I used 2 sliced nectarines as well!
1 tblspn runny honey
50g slivered almonds

Preheat oven to 180C or 160C fan forced.
Grease and line a square cake pan with baking paper.

Place all dry ingredients into a food processor or thermomix and whiz together. Add the wet ingredients – oil, milk, eggs, vanilla – as well as the lemon zest and whiz again until all combined.

Pour the mixture into the tin.

Place apricot halves and nectarine slices in a random order on top for a rustic effect. Drizzle with honey. Sprinkle with slivered almonds. Bake for 1 hour, then set aside to cool in the tin for 20 mins.

Serve just as it is or with Greek yoghurt.

How to make an easy Ancient Grain Salad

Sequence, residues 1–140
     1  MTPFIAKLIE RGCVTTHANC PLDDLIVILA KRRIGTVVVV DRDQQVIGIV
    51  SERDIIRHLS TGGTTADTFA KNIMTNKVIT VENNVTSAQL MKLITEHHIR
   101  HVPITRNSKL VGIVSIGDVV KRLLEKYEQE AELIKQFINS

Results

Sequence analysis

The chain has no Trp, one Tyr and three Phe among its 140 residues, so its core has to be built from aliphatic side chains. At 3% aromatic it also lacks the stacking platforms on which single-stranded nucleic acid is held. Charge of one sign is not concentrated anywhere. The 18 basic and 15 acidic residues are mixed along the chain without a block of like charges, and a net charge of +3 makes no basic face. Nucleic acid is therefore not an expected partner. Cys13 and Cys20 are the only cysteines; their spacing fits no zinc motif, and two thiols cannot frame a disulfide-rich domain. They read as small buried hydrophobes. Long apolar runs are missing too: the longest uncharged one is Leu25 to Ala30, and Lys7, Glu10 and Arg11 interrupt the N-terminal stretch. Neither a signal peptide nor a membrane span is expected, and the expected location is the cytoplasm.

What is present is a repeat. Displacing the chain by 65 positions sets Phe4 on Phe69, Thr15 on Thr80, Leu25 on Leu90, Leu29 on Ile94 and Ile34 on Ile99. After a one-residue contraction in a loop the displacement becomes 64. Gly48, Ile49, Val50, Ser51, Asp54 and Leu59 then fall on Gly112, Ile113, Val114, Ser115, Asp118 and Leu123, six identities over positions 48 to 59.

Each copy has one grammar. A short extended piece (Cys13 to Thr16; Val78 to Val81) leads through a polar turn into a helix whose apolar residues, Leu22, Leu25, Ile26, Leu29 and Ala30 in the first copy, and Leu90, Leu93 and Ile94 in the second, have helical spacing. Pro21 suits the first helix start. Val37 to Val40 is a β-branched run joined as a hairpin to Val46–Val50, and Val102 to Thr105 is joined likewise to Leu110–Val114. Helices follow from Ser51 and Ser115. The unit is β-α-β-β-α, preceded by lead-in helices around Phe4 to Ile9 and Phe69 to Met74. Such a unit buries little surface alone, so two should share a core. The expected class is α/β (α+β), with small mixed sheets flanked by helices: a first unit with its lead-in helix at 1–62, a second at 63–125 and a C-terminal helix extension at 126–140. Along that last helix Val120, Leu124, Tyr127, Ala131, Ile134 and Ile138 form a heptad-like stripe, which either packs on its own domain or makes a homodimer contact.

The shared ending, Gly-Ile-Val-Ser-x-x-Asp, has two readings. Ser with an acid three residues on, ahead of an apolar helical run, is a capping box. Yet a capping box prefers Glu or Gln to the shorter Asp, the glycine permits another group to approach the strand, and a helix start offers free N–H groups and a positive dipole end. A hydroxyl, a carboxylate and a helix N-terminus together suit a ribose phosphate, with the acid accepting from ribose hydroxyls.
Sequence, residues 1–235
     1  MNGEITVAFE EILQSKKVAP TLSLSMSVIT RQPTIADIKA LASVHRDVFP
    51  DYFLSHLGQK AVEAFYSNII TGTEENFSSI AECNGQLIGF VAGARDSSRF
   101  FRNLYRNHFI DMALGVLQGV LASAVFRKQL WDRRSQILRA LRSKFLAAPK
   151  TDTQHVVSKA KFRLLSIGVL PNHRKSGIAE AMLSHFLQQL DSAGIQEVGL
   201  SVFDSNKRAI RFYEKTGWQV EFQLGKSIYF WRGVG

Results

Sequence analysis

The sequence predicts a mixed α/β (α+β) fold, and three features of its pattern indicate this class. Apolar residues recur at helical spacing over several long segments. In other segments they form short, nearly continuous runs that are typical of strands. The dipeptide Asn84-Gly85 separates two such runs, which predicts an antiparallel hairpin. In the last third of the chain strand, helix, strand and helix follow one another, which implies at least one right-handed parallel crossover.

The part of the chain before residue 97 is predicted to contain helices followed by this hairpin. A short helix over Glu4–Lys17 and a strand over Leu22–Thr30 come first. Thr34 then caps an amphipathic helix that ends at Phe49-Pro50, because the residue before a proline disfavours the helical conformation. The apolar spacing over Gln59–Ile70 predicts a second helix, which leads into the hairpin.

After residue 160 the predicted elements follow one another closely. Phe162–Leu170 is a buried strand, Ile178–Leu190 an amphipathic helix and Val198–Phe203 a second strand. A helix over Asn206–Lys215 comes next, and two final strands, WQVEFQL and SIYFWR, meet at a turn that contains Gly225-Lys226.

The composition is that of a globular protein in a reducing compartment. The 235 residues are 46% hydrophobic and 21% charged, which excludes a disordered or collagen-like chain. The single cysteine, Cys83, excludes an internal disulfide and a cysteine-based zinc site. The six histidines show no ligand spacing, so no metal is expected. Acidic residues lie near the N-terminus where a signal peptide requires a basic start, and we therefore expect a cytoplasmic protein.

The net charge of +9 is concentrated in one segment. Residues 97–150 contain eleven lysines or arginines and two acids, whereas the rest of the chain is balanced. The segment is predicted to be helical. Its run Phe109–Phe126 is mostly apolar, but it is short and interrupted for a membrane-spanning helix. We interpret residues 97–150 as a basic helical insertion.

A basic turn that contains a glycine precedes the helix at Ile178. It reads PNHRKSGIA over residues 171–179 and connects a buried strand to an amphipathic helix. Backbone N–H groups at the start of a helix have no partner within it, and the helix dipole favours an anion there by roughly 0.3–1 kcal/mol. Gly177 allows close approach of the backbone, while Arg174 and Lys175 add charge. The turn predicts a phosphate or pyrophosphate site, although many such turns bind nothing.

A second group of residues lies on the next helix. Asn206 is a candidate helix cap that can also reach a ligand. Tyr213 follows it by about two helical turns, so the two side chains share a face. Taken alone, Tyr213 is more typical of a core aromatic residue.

ancient grain salad I do love the discovery of a good salad and this one is a beauty! Full of lovely colour, fibre, protein and Vitamin C and the perfect lunch or side for dinner. Ancient Grain Salad with Pomegranate You’ll need: 1 Cup freekah (green cracked wheat, pronounced freak-ah) ½ cup puy lentils/French green lentils – dry A small handful each of pumpkin seeds, slivered almonds and pine nuts, roasted in oven ½ cup (75gms) currants Large handful of fresh flat leaf parsley and coriander leaves– coarsely chopped ½ Spanish red onion – finely diced 40gm or 2 tablespoons baby capers (drained and rinsed) Juice of 1 large lemon Dash of good quality extra virgin olive oil Salt and cracked black pepper to taste Mix together the following for your dressing: 1 cup Greek style natural yogurt 1 teaspoon of ground cumin (feel free to freshly grind if you like) 1 tablespoon of honey 1 fresh pomegranate To make the salad: Put lentils and freekeh on the boil in two separate saucepans. Bring freekeh to a simmer and cook for about 30mins till tender but still a little of a bite to it. Lentils won’t need quite as long – bring to boil and then simmer for about 20 minutes until tender. Drain and cool both when cooked respectively. Chop up herbs coarsely, onion finely and mix through lentils and freekah when cooled. Squeeze lemon juice on top of salad and fold through gently. Fold through ¾ of the seeds, currants and capers just before serving, reserving the rest of the seeds to decorate. Season with pepper and salt. To serve, put half of the dressing on top of the salad, garnish with remaining seeds and fresh pomegranate seeds. Remaining dressing can go into a small bowl with a spoon to serve.